Vol. 19, No. 4,883 - The American Reporter - December 18, 2013




by T.S. Kerrrigan
American Reporter Correspondent
Los Angeles, Calif.
Sept. 29, 2009
American Poetry
A BRIEF SOJOURN IN POETRY HEAVEN

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INDIANAPOLIS, Ind. -- Earlier this week, my wife sent me the text message from Hell, the text message every father dreads getting. The words no father of a daughter wants to hear or read.

"Your daughter has a boyfriend"

My reply was calm, well-reasoned, and rational.

"Noooooooooooooooo... !"

Every father with a daughter reading these words is silently nodding and thinking, "There's nothing irrational about this." Every father who only has sons is snickering, thinking I'm overreacting.

To that, I have two responses: 1) Try to remember what it was like when you were a teenager, and you'll understand my concern, and 2) if your kid ever pokes his nose around here, I'll return it to him in a box. I immediately called my wife.

"I blame you for this, you know," I said.

"How'd you leap to that conclusion?" she asked.

"I've been very clear on several things she is not allowed to do. Talking to boys or being in the same Zipcode as boys are a couple of them. Now you're just violating those rules willy-nilly, letting her be in public, or go to school."

My wife said some things that were meant to be reassuring, but since none of them included the phrase "heavily armed response," I wasn't really listening.

But my wife told our daughter that if she wanted to continue to see The Boy, she had to tell me herself. (I call him The Boy because I don't plan on learning his name. I don't anticipate him being around long enough for me to care.)

"I have to tell you something," my daughter said when I got home that evening.

"What's that?"

"Other people might call it 'going out,' but I call it 'hanging out.'"

"Call what ‘hanging out?' And what am I going to call it?"

"Well... ." The pause was killing me. "Well, I've been 'hanging out' with a boy." She even said "hanging out" like there were actual quote marks around it.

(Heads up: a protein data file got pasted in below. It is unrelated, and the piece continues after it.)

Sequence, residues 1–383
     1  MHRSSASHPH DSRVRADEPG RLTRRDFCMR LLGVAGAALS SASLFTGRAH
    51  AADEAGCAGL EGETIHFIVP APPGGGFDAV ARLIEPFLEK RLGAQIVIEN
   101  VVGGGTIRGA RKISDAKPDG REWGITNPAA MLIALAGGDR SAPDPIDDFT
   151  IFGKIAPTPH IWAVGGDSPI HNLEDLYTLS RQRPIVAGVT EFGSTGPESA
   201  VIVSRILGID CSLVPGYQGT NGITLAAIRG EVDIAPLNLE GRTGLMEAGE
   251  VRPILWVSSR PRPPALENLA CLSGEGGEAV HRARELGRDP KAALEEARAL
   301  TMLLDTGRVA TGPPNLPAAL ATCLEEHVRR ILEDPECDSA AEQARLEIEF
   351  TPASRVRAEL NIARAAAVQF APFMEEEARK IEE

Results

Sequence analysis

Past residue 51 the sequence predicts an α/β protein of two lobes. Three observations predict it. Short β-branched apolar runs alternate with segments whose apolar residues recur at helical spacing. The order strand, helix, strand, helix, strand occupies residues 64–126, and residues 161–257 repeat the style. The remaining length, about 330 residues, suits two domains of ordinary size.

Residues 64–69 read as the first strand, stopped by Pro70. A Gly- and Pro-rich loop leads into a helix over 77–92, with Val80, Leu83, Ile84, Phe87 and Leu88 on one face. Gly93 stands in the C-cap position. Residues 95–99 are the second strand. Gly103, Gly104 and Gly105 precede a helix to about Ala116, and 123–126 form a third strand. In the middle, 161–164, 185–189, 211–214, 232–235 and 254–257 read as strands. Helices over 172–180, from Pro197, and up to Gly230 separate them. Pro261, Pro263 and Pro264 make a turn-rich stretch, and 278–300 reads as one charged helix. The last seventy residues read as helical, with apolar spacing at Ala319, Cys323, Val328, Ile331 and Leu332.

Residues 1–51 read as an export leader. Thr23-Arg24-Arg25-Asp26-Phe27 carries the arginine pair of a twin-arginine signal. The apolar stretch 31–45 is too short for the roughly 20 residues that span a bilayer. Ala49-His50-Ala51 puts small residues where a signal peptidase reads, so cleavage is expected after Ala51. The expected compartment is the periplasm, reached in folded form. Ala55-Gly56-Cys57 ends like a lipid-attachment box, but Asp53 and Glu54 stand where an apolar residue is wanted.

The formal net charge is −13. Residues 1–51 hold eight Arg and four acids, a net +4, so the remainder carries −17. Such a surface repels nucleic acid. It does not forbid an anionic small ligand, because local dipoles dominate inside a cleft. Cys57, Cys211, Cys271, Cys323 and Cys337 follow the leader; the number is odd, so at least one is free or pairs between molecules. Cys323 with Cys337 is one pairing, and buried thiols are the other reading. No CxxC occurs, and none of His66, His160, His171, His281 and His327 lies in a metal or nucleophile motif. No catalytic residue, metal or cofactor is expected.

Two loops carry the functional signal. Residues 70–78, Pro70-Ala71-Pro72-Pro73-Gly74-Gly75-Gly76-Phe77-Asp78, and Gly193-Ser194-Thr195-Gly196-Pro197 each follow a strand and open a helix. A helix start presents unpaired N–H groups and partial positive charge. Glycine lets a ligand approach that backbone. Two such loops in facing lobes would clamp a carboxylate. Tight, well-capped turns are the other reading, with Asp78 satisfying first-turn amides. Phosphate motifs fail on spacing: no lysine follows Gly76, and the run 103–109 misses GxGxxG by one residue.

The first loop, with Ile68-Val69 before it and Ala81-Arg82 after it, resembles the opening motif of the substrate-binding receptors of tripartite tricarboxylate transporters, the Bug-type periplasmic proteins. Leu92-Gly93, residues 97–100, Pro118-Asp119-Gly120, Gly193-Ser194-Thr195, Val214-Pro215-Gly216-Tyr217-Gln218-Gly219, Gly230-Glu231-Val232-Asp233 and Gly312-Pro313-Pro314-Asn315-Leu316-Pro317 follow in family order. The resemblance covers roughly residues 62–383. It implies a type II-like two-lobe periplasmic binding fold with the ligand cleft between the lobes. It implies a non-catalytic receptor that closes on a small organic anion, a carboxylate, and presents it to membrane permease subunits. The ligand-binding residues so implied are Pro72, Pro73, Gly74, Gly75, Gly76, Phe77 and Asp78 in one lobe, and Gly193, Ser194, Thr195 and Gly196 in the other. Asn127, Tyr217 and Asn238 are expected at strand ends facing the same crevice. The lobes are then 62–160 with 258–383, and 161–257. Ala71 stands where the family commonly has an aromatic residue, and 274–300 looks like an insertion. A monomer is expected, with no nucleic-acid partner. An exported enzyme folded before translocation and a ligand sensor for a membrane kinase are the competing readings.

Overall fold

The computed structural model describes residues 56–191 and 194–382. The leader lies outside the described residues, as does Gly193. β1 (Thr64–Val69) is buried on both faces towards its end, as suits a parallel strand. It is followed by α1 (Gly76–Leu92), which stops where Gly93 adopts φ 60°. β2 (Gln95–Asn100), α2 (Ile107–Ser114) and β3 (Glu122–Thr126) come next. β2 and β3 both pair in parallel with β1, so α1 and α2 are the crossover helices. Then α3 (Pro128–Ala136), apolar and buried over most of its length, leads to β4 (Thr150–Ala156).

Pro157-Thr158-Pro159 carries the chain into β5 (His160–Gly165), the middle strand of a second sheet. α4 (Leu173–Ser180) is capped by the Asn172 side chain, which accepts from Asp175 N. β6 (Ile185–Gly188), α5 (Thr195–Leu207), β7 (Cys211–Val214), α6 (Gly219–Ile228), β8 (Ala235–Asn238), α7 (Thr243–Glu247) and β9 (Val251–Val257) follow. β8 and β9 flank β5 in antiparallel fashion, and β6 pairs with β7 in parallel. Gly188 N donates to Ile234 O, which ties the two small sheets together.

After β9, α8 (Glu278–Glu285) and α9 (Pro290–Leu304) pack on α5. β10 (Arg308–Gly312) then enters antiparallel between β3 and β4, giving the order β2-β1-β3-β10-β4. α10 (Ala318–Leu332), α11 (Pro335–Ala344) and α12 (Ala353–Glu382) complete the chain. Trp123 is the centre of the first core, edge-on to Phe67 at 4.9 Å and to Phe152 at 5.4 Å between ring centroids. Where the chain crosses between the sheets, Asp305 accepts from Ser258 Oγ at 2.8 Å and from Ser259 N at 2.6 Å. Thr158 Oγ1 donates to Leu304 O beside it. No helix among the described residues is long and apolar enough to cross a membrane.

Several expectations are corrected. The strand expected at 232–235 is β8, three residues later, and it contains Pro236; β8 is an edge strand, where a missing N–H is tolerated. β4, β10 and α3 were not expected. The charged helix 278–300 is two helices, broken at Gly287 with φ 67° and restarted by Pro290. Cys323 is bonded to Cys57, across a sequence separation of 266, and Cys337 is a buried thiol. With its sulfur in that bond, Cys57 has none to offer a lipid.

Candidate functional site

I started pacing around the kitchen. Outwardly, I was very calm and rational. Inside, I was still continuing my text back to my wife. " ... Ooooooooooo!"

I've been trying to mentally prepare myself for this for the last 12 years. Even when my daughter was one year old, we had family friends trying to set her up with their own 1-year-old.

"Look, they're playing together. That's so cute. Wouldn't it be great if they got married?"

"No, they're clearly just playing in the same vicinity, not 'together.'"

I was very protective of her even then. "She's not getting married to anyone, especially someone who still wears feety pajamas and sleeps with a night light."

My attitude has not changed, but apparently all the rules have. And yet nobody told me about this. Nobody warned me that I need to beware of young men taking an unhealthy (for them) interest in my baby girl. Nobody told me my daughter was going to be interested in boys when she hit her teen years.

Or maybe they were, and I just wasn't listening. I'm bad about that.

I'm sure there are those of you who think I should have been prepared for this for the last 12 years, that I should have known this would come one day.

I have been. I read "8 Simple Rules for Dating My Teenage Daughter" several times. I even created my One Simple Rule for Dating My Teenage Daughter.

It's "No!"

But apparently, this rule was ignored - it's simple, it's clear and to the point, I don't see the problem with it - because now my little baby is "hanging out" with The Boy.

Now, we've been very clear on what our daughter is allowed to do. No being alone, no kissing, and no actual dating until she's 16. And I've already begun devising a plan to frame her for some heinous family crime that will allow me to ground her for 14 years, so I think I'm set there. But beyond that, I haven't done much mental preparing, which is why this took me by surprise.

Why is it that fathers are so overprotective of their daughters, yet don't worry the same way about their sons? Why do we look at these young men as threats to our own sanity and family cohesiveness?

Is it because it means we're getting older? That our daughters are old enough to look to another male, and not us, as their hero? Or that in a few short years, they're going to be leaving the house and starting their own families?

I'm not that worried about it though. My wife owns a Remington 11-87 shotgun, and I'm not afraid to let her use it.

Erik publishes his humor column and other humorous articles at his Laughing Stalk blog.

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